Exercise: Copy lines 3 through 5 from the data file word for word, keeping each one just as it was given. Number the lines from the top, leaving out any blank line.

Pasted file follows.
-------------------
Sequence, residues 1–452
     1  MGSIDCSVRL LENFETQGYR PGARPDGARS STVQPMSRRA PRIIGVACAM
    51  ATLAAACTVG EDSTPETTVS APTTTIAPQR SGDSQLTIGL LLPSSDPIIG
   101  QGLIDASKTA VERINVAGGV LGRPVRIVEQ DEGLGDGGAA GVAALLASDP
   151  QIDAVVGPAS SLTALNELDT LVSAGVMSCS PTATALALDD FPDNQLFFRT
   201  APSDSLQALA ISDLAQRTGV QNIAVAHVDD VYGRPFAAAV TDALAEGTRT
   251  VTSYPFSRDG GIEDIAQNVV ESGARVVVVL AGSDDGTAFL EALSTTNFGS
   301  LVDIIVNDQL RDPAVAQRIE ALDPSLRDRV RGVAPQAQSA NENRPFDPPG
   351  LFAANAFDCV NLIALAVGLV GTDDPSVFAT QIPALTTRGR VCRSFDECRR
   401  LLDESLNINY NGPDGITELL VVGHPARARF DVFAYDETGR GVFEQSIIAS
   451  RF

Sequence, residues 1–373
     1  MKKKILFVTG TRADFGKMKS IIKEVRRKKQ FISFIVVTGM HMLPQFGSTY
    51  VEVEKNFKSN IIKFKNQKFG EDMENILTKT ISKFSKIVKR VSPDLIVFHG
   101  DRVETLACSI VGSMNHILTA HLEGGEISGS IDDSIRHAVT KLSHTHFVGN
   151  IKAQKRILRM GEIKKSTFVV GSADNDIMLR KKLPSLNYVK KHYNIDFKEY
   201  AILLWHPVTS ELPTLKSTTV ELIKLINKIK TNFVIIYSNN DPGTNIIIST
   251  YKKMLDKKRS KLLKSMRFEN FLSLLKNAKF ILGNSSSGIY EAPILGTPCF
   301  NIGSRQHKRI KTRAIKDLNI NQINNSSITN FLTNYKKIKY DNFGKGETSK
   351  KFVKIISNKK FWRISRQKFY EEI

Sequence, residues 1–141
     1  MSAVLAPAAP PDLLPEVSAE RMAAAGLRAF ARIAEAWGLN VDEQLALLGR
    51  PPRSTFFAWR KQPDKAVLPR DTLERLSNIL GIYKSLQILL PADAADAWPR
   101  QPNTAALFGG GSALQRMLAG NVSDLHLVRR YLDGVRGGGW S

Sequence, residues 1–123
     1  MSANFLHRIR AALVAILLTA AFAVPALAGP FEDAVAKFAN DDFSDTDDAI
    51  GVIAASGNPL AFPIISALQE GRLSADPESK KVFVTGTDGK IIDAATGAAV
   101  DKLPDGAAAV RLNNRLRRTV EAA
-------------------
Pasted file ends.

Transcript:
    51  ATLAAACTVG EDSTPETTVS APTTTIAPQR SGDSQLTIGL LLPSSDPIIG
   101  QGLIDASKTA VERINVAGGV LGRPVRIVEQ DEGLGDGGAA GVAALLASDP
   151  QIDAVVGPAS SLTALNELDT LVSAGVMSCS PTATALALDD FPDNQLFFRT